“I don’t want to talk about it,” he says, shifting the tone of the conversation into uncomfortable territory. “That’s something for my friend Seth and it’s fun and I don’t want to talk about it because this is about ‘Portlandia’ and Carrie is on the other line.”

He will allow, however, that he’s going to be able to take time off to work on “Portlandia.”

“It will be perfect,” he says, with a little less attitude. “My focus is ‘Portlandia.’ That’s what I do.”



News
Entertainment
Sports
Lifestyle
Local

Gunther from 'Friends' talks Central Perk

We spoke with Gunther (James Michael Tyler) at the preview for new pop-up Central Perk, based on the cafe in "Friends."

Local

Central Perk opens in SoHo

Central Perk, of "Friends" fame, is giving out free coffee in SoHo through Oct. 18.

National

Beer sponsor Anheuser-Busch reproaches NFL over domestic abuse

Anheuser-Busch chastised the NFL for its handling of domestic violence cases, making it the first major advertiser to put pressure on the league.

Local

Sen. Krueger dishes on prospect of legal marijuana…

New Yorkers may see the legalization of recreational marijuana use as early as 2015 if State Senator Liz Krueger (D) gets her way. The Marijuana Regulation and Taxation Act will…

Music

FREEMAN makes Freeman a free man from Ween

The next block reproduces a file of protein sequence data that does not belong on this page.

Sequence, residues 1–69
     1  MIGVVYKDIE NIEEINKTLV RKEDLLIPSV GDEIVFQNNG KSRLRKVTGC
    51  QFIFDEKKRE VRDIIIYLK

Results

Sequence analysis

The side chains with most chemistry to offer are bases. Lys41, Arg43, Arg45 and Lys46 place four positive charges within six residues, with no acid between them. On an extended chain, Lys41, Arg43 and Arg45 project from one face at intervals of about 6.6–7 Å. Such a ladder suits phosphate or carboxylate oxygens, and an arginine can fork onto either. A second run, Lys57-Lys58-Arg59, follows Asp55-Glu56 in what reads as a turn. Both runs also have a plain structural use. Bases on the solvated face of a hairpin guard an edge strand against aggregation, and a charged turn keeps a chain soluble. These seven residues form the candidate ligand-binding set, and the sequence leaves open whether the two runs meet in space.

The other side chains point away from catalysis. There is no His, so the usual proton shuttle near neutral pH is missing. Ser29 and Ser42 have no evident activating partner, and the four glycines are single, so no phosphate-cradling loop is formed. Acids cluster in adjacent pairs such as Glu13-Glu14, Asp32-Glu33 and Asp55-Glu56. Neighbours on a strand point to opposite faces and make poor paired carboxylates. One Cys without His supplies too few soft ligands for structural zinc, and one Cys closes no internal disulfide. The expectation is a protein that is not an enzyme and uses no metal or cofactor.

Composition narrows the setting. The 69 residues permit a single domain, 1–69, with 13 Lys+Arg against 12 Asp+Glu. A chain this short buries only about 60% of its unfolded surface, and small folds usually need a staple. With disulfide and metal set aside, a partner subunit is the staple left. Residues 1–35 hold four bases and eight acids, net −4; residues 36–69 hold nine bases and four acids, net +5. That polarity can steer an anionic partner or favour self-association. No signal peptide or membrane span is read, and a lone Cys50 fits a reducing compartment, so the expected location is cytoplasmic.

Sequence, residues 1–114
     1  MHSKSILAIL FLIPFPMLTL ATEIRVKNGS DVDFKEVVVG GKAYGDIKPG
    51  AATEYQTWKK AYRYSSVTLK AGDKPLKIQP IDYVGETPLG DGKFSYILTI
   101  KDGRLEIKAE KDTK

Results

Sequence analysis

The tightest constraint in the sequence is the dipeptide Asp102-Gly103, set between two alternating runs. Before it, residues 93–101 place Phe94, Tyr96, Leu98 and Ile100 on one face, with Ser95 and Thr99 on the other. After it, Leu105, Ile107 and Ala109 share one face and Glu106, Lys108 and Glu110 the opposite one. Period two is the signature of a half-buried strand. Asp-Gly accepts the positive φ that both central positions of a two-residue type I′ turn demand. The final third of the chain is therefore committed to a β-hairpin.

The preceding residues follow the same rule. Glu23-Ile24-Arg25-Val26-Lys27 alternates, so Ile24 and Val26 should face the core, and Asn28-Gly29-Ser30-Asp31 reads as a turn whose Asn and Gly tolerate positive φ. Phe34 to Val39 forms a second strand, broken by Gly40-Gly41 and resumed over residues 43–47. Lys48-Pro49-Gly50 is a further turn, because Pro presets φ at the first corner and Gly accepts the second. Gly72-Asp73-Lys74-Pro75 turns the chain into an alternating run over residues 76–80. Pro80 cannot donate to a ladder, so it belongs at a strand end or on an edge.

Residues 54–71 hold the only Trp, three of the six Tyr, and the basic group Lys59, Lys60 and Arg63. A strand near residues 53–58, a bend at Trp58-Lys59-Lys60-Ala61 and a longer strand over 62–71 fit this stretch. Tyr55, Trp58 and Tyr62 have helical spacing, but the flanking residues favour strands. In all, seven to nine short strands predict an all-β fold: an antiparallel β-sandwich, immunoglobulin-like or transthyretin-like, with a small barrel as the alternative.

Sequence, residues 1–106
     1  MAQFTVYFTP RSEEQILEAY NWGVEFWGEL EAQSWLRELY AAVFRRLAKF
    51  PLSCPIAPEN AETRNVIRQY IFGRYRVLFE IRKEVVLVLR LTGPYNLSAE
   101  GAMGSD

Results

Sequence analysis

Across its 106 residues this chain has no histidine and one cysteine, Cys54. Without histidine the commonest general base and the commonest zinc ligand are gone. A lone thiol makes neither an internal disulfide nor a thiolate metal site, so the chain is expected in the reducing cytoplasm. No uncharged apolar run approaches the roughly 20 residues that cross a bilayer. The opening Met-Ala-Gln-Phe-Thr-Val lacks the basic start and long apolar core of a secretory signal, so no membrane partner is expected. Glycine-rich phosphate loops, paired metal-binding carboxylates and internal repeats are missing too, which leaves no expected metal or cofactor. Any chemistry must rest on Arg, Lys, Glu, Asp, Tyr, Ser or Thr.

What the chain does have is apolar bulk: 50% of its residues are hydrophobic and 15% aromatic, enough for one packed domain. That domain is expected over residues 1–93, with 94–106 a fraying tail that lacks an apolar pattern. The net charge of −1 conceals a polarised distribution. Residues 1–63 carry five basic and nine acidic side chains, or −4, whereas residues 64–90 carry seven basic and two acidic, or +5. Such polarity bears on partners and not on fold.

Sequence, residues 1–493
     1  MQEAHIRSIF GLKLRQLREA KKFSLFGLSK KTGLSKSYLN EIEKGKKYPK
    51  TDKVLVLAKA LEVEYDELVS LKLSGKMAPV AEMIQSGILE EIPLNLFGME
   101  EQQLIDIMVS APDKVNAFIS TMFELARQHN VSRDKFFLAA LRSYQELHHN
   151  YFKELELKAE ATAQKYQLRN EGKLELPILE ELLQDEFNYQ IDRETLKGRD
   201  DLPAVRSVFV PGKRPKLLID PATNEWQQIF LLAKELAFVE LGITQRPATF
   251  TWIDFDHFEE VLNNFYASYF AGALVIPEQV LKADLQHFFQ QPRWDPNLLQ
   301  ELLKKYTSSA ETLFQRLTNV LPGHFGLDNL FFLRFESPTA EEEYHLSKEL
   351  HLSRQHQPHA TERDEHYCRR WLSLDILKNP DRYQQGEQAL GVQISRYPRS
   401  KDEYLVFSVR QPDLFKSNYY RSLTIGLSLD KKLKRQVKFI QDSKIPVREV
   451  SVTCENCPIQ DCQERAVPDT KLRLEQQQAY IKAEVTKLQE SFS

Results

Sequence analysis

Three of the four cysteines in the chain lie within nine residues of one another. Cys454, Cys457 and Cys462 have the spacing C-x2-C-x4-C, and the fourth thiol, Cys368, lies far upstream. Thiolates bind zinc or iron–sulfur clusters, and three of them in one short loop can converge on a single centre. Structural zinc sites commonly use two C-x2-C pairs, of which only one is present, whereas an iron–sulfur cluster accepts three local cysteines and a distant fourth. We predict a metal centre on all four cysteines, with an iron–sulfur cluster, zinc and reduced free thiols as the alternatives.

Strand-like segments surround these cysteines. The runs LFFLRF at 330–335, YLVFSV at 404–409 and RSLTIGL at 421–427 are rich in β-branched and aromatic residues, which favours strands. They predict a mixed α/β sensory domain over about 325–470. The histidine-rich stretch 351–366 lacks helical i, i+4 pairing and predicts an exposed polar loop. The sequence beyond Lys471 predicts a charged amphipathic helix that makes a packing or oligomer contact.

For nearly 30 years, Aaron Freeman was known endearingly to his listeners as Gene Ween. But with "FREEMAN," he makes it clear that he's gone somewhere else.

Television

'Outlander' recap: Season 1, Episode 6: 'The Garrison…

Whipping, punching, kicking and a marriage contract. "Outlander" is not for the faint of heart this week with "The Garrison Commander."

The Word

The Word: Hey girl, it's a girl for…

It's a girl for Ryan Gosling and Eva Mendes, who reportedly welcomed a daughter last Friday, according to Us Weekly. The super-private couple managed to…

Television

TV watch list, Tuesday, Sept. 16: 'New Girl,'…

Check out the season premiere of "New Girl," as Jess competes with Jessica Biel for a guy's attentions.

MLB

5 top contenders for NL Rookie of the…

The outing rekindled award talk for deGrom, who appears to hold the top spot for NL Rookie of the Year honors. Metro breaks down a few other contenders.

College

College football Top 25 poll (AP rankings)

College football Top 25 poll (AP rankings)

NFL

Tom Coughlin says Giants 'beat themselves' against Cardinals

Head coach Tom Coughlin, who had a day to cool off and reflect, still sounded like he had a gnawing feeling in his gut.

NFL

Marty Mornhinweg accepts blame for Jets timeout fiasco

Jets fans looking for a scapegoat for Sunday’s timeout fiasco found a willing party on Monday: Marty Mornhinweg.

Style

Rachel Zoe: New York Fashion Week Spring 15

Rachel Zoe goes 'Glam bohemia' for Spring.

Food

Where to find SweeTango apples

Introduced in 2009, SweeTango — a hybrid of Honeycrisp and Zestar — is a sweet apple with plenty of crunch.

Style

London Fashion Week recap

London Fashion week gets in on the action with politics, heritage and summertime living.

Food

Padma Lakshmi's recipe for green mango curry

Padma Lakshmi shares her recipe for green mango curry in UNICEF's new book, "UNICHEF."